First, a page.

Knowledgeable Car Accident Attorney Provides an Answer
Were you injured in a car accident? Are you wondering if you can get disability benefits? If you have been severely injured, you may be eligible for Social Security Disability (SSD) benefits; but you will not automatically qualify for it – the reason being that Social Security Disability (SSD), Social Security Disability Insurance (SSDI) and Supplemental Security Income (SSI) were created to help individuals with long-term disabilities.
A small number of states, including California, have short-term disability programs that offer cash benefits to victims of accidents. Contact an experienced car accident attorney to learn more about it.
SSA Requirements to Qualify for Disability Benefits
In order to qualify for any of these benefits, you must prove that you have a disability that has lasted or is expected to last at least 12 months. The Social Security Administration (SSA) will consider you disabled if you fulfill all of the following conditions:
- You have a severe disability (physical, mental or both) that has lasted or is expected to last at least 12 months;
- You are unable to engage in any Substantial Gainful Activity (SGA) that pays more than a certain amount (the amount is $21,840 per year for a blind individual and $14,040 for a non-blind individual);
- You are incapable of performing the work you used to do before the accident; and
- You are incapable of doing or being trained to do any other work that is less demanding.
Specific Conditions for Disability Benefits
You will quality for disability benefits if your car accident injuries have resulted in the following conditions leaving you disabled for 12 months or more and if you fulfill the requirements listed above. Here are some specific conditions in which you may qualify for disability benefits.
- Fractured or broken bones: If the fractured or broken bone is located in your arm or leg and has not healed, or your arm or leg has not regained function despite surgery, leaving you unable to walk or perform any kind of work, then you may qualify for disability benefits. But if the fractured or broken bones are located in other areas of your body, they will have to prove that you are unable to do any kind of work because of the injuries.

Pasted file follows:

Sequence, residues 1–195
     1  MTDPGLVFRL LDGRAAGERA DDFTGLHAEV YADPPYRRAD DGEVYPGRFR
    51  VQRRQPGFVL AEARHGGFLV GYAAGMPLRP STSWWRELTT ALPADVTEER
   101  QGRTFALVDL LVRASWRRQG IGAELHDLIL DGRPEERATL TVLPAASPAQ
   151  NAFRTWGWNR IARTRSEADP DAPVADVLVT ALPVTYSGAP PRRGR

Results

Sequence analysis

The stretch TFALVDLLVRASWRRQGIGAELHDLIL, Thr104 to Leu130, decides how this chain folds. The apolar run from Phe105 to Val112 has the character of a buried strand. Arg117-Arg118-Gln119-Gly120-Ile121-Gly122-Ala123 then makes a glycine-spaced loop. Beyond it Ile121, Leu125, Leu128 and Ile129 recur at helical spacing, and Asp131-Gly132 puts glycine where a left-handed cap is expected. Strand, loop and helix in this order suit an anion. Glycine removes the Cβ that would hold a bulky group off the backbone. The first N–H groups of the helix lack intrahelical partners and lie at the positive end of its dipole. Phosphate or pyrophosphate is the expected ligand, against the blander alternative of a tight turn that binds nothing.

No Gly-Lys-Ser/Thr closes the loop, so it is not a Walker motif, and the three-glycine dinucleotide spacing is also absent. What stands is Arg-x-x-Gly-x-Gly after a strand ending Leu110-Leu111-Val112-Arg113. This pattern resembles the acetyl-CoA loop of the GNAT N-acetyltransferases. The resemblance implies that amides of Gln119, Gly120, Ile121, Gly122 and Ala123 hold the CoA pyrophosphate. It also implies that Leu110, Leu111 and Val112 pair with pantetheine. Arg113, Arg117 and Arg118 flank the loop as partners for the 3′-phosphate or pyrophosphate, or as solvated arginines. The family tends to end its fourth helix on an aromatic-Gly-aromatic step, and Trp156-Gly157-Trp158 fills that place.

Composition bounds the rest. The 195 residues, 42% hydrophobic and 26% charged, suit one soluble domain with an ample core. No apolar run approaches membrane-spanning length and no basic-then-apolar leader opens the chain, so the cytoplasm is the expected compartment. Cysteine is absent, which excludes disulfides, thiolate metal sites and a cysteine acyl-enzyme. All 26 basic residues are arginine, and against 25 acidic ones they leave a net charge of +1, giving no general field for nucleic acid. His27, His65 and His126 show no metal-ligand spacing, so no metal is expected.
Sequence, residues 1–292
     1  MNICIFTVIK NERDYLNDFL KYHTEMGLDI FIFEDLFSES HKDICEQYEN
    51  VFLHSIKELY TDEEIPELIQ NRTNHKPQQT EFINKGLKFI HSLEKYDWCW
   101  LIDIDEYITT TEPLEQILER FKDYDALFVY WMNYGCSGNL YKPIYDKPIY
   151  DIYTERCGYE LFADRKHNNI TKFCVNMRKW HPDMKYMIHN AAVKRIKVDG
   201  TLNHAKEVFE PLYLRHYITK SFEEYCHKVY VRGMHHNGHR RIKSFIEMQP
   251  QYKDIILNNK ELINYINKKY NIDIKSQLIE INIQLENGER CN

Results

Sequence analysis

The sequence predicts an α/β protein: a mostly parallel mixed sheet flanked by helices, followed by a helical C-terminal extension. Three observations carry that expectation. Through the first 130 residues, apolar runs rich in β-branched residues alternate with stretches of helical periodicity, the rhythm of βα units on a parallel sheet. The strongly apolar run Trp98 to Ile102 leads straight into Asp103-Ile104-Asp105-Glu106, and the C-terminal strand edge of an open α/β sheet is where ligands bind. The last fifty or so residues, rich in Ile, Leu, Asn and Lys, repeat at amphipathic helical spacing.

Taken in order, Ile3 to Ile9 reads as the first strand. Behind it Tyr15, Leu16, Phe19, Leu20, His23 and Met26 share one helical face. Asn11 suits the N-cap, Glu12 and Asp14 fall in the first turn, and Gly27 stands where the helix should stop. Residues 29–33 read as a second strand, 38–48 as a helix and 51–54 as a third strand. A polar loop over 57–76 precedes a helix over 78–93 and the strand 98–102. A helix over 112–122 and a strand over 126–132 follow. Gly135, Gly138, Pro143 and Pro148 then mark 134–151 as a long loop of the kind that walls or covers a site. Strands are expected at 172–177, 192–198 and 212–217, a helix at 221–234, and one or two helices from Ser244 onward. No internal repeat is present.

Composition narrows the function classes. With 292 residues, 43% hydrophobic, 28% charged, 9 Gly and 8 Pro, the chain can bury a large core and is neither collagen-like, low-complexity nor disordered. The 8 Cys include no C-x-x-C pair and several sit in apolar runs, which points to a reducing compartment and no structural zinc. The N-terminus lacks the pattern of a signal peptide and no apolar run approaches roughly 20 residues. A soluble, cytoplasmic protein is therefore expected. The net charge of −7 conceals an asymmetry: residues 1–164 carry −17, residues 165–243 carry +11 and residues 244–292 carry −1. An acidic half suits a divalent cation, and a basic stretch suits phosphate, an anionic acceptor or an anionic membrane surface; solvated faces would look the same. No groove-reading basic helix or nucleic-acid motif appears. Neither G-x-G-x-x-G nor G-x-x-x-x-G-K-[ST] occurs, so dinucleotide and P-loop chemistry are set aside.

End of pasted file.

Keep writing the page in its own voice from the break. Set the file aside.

- Amputation of limbs: If one or more of your limbs have been amputated, leaving you disabled for life, then you may qualify for disability benefits. But once you are able to work with artificial limbs, your benefits may be stopped.
- Severe burns: Severe burns are not known to take a very long time to heal and can cause long-term or permanent impairments. If you can prove that the severe burn you have sustained has rendered you unable to work, then you may qualify for disability benefits.
- Spinal cord/back injuries: Spinal cord and back injuries are often debilitating and long lasting. If you have sustained severe spinal cord or back injuries, leaving you unable to work despite treatment and surgery, then you may qualify disability benefits.
- Severe whiplash (neck injury): Normally, whiplash will not qualify you for disability benefits. But you may qualify if the whiplash injury you have sustained also includes a neck or spinal injury. You will most likely have to submit a MRI report for this.
- Joint injuries: Joint injuries can make you unable to walk or work. If you can prove that your joint injuries have caused long-term or permanent impairments, then you may qualify for disability benefits.
- Traumatic Brain Injury (TBI): Individuals with severe traumatic brain injury (TBI) usually qualify for disability benefits since it often results in memory loss, inability to complete tasks and other impairments.
- Other impairments: Other impairments listed by SSA to qualify for disability benefits include neurological disorders, sensory impairment (vision and/or hearing) and speech impairment (which is a common side effect of traumatic brain injury).
You should keep in mind that you do not automatically qualify for SSD benefits. Regardless of the type and extent of your disability, you must provide medical evidence to qualify. Talk to your car accident attorney to find out what you can do to qualify.